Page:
Brent Jeffs alleged his uncles told him they were “doing God’s work” and that he was not to tell anyone about their acts.

Two uncles, Leslie B. Jeffs and Blaine B. Jeffs, were dropped from the lawsuit a year ago because they had previously filed for bankruptcy, which automatically stays other court actions.

Brent Jeffs said the “whole goal” in pursuing the lawsuits was “for families to not be afraid to be families” and eliminate the threat of “having your house pulled out from under you” for disagreeing with the FLDS church.

Where are they now?

Here is the background and current whereabouts of each of the seven men involved in the case:

BRENT JEFFS, 24, alleged he was sexually abused by Warren S. Jeffs and two other uncles about 20 years ago. He now works in the machine shop at Ultradent, is married and has one child.

DEAN J. BARLOW, 22, was kicked out of his home in Colorado City, Ariz., four years ago for smoking. He lives in Colorado, where he attends college.

DONALD FISCHER, 22, was asked to leave his home in 2004. He lives in St. George, is married with two children and works in construction.

WALTER S. FISCHER, 24, who left in 2004, lives in Georgia, where he works in construction.

RICHARD GILBERT, 21, left at age 16 because he wanted to go to public school and play sports. Now lives in St. George, where he works in construction.

RICHARD CARL REAM, 25, was asked to leave his home in 2004. He lives in the Salt Lake area, is married, has one child and works as a long-haul truck driver.

THOMAS S. STEED, 21, was told to leave home when he was 15 because he watched unapproved movies, associated with apostates and talked to girls. Jeffs rebuffed his attempts to rejoin the church. Steed now attends college in Colorado.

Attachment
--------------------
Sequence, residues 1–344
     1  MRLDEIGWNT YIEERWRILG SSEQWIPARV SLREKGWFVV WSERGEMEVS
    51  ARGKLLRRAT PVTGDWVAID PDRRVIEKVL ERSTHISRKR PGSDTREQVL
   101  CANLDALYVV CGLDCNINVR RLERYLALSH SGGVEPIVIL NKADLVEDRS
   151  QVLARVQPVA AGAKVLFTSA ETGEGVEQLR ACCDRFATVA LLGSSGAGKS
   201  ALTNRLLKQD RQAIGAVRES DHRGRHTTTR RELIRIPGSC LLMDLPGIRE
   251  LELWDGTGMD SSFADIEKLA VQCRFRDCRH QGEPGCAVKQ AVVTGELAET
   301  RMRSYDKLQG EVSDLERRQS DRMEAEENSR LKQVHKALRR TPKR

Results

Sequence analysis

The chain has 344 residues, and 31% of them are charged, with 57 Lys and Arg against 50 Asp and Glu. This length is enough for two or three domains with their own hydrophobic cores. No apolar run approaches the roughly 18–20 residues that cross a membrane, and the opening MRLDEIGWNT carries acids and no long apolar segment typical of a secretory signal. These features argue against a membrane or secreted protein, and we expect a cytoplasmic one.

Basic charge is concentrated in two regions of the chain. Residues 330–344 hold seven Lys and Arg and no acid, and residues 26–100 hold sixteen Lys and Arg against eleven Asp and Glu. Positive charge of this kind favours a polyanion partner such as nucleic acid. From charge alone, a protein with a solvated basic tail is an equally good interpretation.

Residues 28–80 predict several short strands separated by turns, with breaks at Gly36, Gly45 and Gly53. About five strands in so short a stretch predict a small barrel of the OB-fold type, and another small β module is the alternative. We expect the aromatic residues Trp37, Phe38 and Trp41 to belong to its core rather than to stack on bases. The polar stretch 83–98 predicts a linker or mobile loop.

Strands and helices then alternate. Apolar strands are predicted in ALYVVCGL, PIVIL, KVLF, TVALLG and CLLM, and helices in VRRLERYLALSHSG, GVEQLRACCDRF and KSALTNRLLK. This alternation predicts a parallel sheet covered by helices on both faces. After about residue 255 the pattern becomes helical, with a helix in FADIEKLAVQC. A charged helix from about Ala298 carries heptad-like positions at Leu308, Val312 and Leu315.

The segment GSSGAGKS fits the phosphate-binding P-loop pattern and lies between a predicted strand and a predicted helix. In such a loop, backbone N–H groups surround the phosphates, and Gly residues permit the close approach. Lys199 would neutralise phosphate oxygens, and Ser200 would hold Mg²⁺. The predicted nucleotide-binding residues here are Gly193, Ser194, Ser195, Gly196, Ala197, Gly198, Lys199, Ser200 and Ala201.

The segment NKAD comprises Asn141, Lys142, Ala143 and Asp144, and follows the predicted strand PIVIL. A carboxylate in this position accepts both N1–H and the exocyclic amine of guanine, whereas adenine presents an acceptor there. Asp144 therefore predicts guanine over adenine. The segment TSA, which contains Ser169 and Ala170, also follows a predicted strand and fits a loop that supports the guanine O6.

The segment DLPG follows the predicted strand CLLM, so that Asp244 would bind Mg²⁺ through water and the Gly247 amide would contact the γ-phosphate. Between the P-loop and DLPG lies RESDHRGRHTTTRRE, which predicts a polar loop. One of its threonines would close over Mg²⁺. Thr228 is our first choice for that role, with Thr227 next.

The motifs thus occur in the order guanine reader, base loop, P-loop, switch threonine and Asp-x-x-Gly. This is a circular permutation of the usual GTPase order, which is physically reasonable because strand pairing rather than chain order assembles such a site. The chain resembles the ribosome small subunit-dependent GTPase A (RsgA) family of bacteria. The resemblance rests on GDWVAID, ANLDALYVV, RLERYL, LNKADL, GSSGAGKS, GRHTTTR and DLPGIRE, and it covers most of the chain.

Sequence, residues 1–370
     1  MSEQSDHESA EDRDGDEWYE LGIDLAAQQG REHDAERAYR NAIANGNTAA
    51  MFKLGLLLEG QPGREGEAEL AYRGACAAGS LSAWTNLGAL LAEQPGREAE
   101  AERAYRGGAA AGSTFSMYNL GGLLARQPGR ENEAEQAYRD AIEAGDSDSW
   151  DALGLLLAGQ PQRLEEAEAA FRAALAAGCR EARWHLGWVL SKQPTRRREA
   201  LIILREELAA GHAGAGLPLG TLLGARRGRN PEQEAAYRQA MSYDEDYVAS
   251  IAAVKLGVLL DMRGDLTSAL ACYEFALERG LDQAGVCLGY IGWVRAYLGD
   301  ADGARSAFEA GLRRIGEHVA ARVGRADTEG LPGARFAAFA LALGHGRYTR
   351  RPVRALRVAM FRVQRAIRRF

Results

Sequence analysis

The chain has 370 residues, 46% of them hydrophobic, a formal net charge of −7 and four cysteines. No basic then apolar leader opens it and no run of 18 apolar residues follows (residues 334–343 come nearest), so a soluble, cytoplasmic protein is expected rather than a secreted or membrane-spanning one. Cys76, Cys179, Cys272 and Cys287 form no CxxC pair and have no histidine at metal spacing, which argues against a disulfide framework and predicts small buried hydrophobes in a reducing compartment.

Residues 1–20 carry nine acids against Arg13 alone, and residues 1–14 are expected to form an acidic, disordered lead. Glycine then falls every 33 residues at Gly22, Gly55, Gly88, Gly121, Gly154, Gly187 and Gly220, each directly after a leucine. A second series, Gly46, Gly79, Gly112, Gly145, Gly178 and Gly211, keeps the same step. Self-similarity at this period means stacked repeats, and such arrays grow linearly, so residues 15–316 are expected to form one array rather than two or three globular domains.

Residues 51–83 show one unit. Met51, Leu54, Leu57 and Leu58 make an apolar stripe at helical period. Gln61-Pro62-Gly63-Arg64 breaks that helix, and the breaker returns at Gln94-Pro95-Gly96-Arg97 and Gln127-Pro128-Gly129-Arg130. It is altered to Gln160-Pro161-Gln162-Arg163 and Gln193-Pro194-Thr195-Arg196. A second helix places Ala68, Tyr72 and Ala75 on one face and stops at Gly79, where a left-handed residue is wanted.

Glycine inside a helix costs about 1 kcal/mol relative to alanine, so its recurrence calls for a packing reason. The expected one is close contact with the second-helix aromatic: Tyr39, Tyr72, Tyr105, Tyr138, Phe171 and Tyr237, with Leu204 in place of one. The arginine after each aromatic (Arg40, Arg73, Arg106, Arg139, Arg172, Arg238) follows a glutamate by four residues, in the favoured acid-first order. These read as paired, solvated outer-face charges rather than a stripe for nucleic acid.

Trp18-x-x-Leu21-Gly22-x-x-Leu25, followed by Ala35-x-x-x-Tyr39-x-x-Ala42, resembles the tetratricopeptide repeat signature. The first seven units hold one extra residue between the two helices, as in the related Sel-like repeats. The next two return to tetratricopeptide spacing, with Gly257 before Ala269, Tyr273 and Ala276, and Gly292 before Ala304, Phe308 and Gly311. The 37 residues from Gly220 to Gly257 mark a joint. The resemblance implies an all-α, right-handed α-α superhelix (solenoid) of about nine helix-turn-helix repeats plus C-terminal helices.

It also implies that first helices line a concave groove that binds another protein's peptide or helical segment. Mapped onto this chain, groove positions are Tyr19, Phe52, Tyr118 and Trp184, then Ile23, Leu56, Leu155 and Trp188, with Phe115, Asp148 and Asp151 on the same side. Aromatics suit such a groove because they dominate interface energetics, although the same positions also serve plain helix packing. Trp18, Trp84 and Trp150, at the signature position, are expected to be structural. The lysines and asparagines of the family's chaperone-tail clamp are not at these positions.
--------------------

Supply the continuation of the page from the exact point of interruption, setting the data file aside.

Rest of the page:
“It is finally nice to see something positive out of all this that happened,” Brent Jeffs said.

A separate lawsuit was filed on Aug. 27, 2004, by six boys who alleged they were driven out of the twin towns for “trivial reasons” in order to reduce competition for wives.

Their lawsuit said they became “lost boys” as a result, adrift in a world they knew little about and cut off from family and friends.

Many have made their way to the Diversity Foundation, set up by former FLDS member Dan Fischer, for help with schooling, jobs and life skills training. Most of the teens have limited educations but marketable construction skills.

The foundation estimates that over the past decade, at least 400 teens have been driven out or fled the restrictive polygamous community, ending up in southern Utah, the Salt Lake City area or surrounding states.

Dan Fischer is the founder of Ultradent, a South Jordan dental products company, and is the uncle of Don and Walter Fischer. He is paying the legal fees of Roger Hoole and his brother Greg.

Many of the teens, some of whom come from plural families with 20 or more siblings, say they got in trouble for violating church standards – watching R-rated movies; hanging out with girls; using tobacco, alcohol or drugs; favoring modern clothes over the FLDS preferred conservative, body-covering apparel. Some teens say they didn’t believe in the FLDS faith, particularly as preached by Jeffs. Home life got tough for a number after Jeffs exiled their fathers and placed their mothers with other men.

Rod Parker, an attorney who previously represented the FLDS church, has characterized the so-called “Lost Boys” as juvenile delinquents who proved unmanageable for their families.

Jeffs has preached that parents need to cut off such wayward children and avoid any contact with them, saying in a July 16, 2000, sermon that to “socialize with apostates, to join with them in any way, you are choosing to get on the devil’s ground.”

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Source

(Listed if other than Religion News Blog)
The Salt Lake Tribune, USA
Apr. 6, 2007
Brooke Adams
www.sltrib.com

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This post was last updated: Apr. 6, 2007